Article Title: A Research Guide in Oil & Gas Industry
Modern economies rely on oil and gas to provide the energy needed for homes, factories, and transportation. Since the first oil well was dug in 1859, the industry has advanced significantly. As the industry changes continuously, new chances for study arise. There are a variety of jobs in oil & gas production, from drilling and oilfield services to production management and engineering.
This research guide can be helpful for whom want to work in the oil and gas industry. Topics like oil and gas companies, exploration, production, refining, marketing, and pricing are covered in this research guide.
Oil and Gas Industry Overview
The history of the oil and gas sector is extensive and colorful. It began in the late 1800s when oil was first discovered in Pennsylvania. In the early days of the industry, oil was primarily used for lighting and lubrication. However, with the advent of the internal combustion engine, oil became an essential part of the automotive industry. Today, the oil and gas industry is a vital part of the global economy, and it is responsible for providing millions of jobs worldwide.
Oil and Gas Companies
Three segments—upstream, midstream, and downstream—are widely used to categorize the oil and gas sector. While there are several independent firms in each of these sectors, significant oil and gas companies are sometimes seen as integrated, indicating that their businesses combine upstream, midstream, and downstream activities.
Upstream: Exploration and Production
Upstream businesses concentrate on exploration and production, which are often known as “E& P.” In the upstream segment of the oil and gas industry, producers search for and extract crude oil and natural gas from the earth. This area of the business is often considered to be riskier than other parts of the oil and gas sector, as it involves the exploration and development of new reserves.
Exploration is the process of searching for new oil and gas deposits. This can be done through aerial surveys, seismic surveys, and drilling wells. The goal of oil and gas exploration is to find new sources of energy that can be developed into profitable oil and gas fields.
Oil and gas production is a process of extracting oil and gas from underground reservoirs. Plans for drilling are made once a business locates the oil or gas. Depending on the type of oil or gas and the local geology, different drilling techniques are used, such as onshore, offshore, and hydraulic fracturing. Numerous oil and gas businesses get into agreements with specialized drilling companies and pay for the crew’s labor and rig day rates.
Midstream enterprises are those with a focus on the transportation industry. The midstream segment operates between the exploration and production stages and the marketing and distribution stages. Midstream businesses specialize in pipelines, trucks, shipping, and raw material storage. This includes companies that transport, store, and process oil and gas. The midstream sector is vital to the oil and gas industry, but it is often overlooked by investors.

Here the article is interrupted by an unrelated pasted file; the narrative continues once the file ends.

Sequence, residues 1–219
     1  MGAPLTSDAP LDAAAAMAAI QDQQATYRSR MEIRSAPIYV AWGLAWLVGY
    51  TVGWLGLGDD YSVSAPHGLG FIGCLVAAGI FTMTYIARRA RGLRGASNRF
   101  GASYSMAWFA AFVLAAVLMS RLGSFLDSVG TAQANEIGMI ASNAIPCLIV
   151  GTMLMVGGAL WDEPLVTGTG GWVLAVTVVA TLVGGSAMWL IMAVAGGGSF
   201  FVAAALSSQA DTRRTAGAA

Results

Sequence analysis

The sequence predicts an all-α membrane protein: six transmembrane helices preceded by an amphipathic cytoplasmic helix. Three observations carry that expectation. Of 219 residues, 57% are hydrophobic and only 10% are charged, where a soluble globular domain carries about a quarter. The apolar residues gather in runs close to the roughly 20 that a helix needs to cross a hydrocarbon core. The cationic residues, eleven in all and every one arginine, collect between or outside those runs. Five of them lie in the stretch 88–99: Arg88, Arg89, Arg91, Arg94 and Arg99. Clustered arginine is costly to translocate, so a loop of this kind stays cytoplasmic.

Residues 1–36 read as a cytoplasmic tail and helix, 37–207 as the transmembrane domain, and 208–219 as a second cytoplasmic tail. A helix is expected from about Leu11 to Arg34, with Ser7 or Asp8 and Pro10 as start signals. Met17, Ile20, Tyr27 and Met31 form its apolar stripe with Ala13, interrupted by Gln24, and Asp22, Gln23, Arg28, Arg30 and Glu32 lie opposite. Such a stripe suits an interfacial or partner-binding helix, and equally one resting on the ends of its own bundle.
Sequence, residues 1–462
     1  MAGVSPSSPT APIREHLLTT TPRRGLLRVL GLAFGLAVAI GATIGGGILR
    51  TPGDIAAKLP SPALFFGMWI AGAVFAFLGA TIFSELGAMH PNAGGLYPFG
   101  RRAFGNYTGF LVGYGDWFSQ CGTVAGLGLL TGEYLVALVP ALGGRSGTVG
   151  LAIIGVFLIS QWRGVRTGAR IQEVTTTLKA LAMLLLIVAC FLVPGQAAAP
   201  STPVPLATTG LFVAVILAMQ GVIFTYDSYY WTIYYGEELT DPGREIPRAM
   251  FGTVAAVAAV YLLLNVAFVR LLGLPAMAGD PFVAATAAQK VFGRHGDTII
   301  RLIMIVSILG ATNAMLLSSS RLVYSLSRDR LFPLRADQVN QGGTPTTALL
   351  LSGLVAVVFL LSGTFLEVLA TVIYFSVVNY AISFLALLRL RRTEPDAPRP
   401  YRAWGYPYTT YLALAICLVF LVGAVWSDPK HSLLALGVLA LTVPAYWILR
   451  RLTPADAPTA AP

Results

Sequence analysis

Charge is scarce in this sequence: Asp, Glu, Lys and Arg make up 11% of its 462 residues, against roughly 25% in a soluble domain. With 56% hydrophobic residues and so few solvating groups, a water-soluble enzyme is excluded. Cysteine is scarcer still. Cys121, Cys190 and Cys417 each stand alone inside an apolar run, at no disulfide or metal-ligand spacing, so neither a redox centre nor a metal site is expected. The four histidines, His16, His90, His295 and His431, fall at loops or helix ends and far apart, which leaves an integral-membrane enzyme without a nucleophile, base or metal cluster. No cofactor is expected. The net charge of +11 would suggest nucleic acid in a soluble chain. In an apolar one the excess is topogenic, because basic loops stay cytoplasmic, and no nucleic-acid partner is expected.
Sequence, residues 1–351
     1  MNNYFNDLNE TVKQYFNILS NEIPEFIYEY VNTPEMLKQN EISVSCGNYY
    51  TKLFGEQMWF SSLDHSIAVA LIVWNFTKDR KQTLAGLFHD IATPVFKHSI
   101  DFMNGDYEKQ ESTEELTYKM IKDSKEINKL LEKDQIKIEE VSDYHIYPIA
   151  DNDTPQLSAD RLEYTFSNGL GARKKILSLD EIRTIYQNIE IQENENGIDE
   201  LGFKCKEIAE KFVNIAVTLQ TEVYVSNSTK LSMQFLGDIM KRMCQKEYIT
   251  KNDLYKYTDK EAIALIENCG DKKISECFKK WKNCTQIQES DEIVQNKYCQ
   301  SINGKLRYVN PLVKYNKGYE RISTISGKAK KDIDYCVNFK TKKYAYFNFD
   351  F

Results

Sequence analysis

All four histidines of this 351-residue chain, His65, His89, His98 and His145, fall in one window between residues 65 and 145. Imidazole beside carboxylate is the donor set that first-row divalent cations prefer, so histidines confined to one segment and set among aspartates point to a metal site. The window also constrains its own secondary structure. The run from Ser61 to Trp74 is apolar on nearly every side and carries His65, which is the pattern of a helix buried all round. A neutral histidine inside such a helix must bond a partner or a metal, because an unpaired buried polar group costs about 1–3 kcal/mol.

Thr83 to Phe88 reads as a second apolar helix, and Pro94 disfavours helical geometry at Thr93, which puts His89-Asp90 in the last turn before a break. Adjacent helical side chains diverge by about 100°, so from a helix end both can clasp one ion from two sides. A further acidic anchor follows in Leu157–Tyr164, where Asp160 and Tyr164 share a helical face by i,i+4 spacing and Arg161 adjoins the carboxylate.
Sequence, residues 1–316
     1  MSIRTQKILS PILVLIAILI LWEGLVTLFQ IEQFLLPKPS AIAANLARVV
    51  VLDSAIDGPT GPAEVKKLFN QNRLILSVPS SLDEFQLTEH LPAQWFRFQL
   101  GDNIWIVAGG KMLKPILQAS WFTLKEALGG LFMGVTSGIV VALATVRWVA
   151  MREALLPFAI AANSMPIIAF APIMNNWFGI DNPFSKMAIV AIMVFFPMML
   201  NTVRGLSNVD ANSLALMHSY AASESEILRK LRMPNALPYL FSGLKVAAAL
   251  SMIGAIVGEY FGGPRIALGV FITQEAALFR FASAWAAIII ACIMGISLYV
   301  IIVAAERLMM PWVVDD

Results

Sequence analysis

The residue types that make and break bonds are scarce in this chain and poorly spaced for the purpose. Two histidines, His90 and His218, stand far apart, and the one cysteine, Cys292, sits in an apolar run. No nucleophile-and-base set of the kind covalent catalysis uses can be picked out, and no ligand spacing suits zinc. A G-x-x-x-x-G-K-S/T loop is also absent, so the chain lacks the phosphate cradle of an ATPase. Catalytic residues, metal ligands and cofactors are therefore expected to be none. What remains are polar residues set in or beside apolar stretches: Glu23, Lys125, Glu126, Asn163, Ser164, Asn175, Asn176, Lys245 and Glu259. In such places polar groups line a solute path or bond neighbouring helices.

Downstream: Refining and Marketing
The downstream industry includes marketing and refining.
Refining is a complex and critical process that turns crude oil into usable products like gasoline, diesel, and jet fuel. The products are then distributed to consumers through pipelines, trucks, or ships. Downstream processing accounts for two-thirds of the oil and gas industry’s jobs and nearly half of its economic output.
Marketing is a process that begins after the production of oil and gas. It is the process of distributing refined petroleum products to businesses, industries, governments, and the general public at wholesale and retail prices.
Oil and Gas Pricing
Oil and gas pricing is a critical issue for both the industry and consumers. The price of oil and gas affects the cost of goods and services, as well as the economy as a whole. In the oil and gas industry, pricing is often determined by a benchmark. Several different benchmarks are used in the oil and gas industry. Some of the most common benchmarks are:
Brent Blend is a key global oil pricing benchmark and the underlying commodity for Brent crude futures contracts traded on the London-based ICE Futures Europe Exchange. The benchmark is used to price two-thirds of the world’s oil supplies.
The West Texas Intermediate (WTI)
In the United States, light and sweet oil, specifically crude oil from land-locked wells in Oklahoma, is referred to as West Texas Intermediate (WTI).
The Asian market uses Dubai/Oman to transport heavier oil with a greater sulfur content from the Persian Gulf.
Based on the Henry Hub natural gas pipeline in Louisiana, Henry Hub is the standard for North American and international liquefied natural gas (LNG) production.
The oil and gas industry is a complex and ever-changing field. The best way to stay up-to-date and make the most of your career opportunities is to research and learn about the latest industry trends. Stay connected with professionals in the field, attend industry conferences, and read trade journals. By doing so, you will be well-prepared to take advantage of any opportunities that come your way.